Warner Bros. wanted to remove both Jane Fonda and Alan J. Pakula from the project at one time before shooting started, but it did not work out as most people turned the studio down and so they came back to their decision.

Composer Michael Small said that Pakula referred to the main theme of the score as "the siren call".

Future film star Sylvester Stallone made an appearance as an extra in "Klute."

Film debut of Rosalind Cash.

Film debut of Veronica Hamel.

The first of two best actress Oscars for Jane Fonda.

The film was part of a cycle of 1970s conspiracy movies. These included: Executive Action (1973), Klute (1971), Chinatown (1974), Cutter's Way (1981), Telefon (1977), Winter Kills (1979), The Conversation (1974), The Parallax View (1974), Three Days of the Condor (1975), The Domino Principle (1977), Good Guys Wear Black (1978), Twilight's Last Gleaming (1977), Hangar 18 (1980), Capricorn One (1977), and All the President's Men (1976). Blow Out (1981) would follow in the early 1980s.

The micro tape recorder is a M-75B from Electro Data Inc. It was first manufactured in secret for the CIA, where it was designated the UMY-25. It was declassified in the mid sixties, with EDI manufacturing them commercially from 1966 to 1967. It was designed to be durable, with a body made of cast aluminum. It was a stereo recorder, which made it possible to record things in two locations simultaneously. Its features included auto stop, fast forward and rewind. This was controlled by moving a small metal bar between the reels at the edge of the mechanism. The audio quality was passable but the pitch tended to waver, due to the tendency for the rubber tape roller to wear unevenly. The technical successor to this was the Nagra SNN, which was slightly larger but with much more sophisticated design and very high quality sound, which made it useful in the pre-wireless days of audio for feature films. The one advantage of the EID M75B was a motorized fast forward and rewind. In contrast, the SNN had a fold-out hand crank for rewinding.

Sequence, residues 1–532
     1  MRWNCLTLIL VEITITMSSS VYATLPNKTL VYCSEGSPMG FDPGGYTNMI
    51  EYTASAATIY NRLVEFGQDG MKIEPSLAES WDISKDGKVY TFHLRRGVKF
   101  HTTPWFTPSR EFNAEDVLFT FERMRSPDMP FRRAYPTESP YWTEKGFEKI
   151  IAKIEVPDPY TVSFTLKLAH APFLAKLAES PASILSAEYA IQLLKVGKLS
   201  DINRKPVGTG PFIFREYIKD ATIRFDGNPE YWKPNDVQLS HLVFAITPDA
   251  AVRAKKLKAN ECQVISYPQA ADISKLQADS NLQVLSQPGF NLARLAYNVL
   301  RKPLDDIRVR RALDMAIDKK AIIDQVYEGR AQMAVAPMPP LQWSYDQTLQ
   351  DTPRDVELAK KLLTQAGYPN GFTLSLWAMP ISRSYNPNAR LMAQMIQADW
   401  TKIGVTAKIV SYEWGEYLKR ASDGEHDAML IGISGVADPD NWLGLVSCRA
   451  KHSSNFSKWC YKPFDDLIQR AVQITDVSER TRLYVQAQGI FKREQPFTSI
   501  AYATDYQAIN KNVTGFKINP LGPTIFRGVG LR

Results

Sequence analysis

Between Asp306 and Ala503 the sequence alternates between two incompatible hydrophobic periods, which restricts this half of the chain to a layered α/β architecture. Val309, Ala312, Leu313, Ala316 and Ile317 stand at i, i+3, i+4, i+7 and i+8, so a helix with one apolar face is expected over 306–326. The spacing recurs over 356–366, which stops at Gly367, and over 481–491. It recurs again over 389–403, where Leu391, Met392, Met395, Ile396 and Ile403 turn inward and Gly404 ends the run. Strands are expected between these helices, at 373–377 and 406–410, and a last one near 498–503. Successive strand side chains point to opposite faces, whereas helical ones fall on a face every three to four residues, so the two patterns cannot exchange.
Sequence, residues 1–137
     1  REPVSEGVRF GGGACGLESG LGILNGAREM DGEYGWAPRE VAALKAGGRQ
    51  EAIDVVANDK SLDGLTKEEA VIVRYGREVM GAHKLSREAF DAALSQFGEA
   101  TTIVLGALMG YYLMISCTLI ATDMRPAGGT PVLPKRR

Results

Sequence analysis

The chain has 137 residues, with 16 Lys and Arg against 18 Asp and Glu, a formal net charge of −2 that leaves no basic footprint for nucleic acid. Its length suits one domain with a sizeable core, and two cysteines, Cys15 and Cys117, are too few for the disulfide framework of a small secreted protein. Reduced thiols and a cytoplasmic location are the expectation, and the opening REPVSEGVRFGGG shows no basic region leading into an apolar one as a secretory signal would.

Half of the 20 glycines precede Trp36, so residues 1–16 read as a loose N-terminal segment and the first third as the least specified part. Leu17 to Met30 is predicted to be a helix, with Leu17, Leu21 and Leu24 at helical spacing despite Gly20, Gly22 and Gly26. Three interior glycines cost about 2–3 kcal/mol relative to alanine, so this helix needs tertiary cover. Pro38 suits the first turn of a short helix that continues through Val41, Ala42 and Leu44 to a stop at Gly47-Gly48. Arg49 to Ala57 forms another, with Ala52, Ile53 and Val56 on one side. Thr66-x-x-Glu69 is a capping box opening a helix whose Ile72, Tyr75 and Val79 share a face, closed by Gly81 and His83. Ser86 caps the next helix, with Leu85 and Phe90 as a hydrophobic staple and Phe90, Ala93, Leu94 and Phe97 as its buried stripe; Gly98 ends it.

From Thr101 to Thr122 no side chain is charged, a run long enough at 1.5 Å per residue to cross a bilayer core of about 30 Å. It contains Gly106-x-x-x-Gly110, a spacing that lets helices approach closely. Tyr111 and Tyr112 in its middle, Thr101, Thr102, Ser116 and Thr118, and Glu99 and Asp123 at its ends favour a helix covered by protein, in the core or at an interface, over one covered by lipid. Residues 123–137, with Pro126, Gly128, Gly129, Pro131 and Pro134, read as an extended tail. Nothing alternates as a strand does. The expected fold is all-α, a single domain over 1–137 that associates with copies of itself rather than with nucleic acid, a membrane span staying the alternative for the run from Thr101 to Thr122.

Included among the "1001 Movies You Must See Before You Die", edited by Steven Schneider.

Final film of Vivian Nathan, who died in 2015.

The song "Wings of Desire" (1992) by Strawpeople, later made famous in the Nicole Kidman movie To Die For (1995), features sound clips of Bree talking.

Jane Fonda and Donald Sutherland would later appear in Steelyard Blues (1973).

Film debut of Charles Cioffi along with Shaft (1971), and in fact both films were released on closer dates (but Klute beat the other film for just two days). Both were released on June 1971.

Roy Scheider and Anthony Holland would later appear in All That Jazz (1979).

Donald Sutherland and Charles Cioffi would later appear in Shadow Conspiracy (1997).

This film is part of the Criterion Collection, spine #987.

French visa # 36491.

Jane Fonda said that she had to throw up while preparing for the scene where Bree goes through photos of dead prostitutes to identify her friends. She actually had gone to the city morgue too and it came as a great shock.

Although Fonda had planned on playing scared for the scene with the murderer (played by Charles Cioffi), when she heard the tape recording of the call girl about to be murdered and the fear in her voice, she unexpectedly started crying.

Body count: 4.